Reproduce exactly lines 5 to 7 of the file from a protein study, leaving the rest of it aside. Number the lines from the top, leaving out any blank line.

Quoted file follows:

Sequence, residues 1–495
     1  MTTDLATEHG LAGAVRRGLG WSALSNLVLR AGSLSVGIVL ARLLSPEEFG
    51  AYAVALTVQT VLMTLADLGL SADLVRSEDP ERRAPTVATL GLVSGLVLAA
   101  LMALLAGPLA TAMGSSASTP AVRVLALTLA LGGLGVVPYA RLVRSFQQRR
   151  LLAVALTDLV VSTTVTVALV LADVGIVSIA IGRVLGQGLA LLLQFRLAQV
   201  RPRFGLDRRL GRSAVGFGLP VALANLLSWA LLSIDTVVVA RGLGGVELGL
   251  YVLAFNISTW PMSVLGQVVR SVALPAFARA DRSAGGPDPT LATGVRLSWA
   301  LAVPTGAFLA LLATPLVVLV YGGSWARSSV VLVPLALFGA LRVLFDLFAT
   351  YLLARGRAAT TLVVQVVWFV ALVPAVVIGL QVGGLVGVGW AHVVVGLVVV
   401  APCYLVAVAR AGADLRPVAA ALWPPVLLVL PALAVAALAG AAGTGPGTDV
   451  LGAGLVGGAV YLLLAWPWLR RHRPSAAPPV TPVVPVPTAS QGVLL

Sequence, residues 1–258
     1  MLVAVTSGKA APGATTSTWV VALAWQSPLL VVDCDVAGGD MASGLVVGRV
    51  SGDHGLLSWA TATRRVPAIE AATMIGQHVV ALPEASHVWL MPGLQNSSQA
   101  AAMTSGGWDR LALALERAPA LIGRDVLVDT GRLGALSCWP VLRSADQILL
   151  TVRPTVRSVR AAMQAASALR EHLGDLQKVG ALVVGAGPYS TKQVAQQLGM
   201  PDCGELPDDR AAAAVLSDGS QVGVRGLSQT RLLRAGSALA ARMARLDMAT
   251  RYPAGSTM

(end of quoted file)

   151  LLAVALTDLV VSTTVTVALV LADVGIVSIA IGRVLGQGLA LLLQFRLAQV
   201  RPRFGLDRRL GRSAVGFGLP VALANLLSWA LLSIDTVVVA RGLGGVELGL
   251  YVLAFNISTW PMSVLGQVVR SVALPAFARA DRSAGGPDPT LATGVRLSWA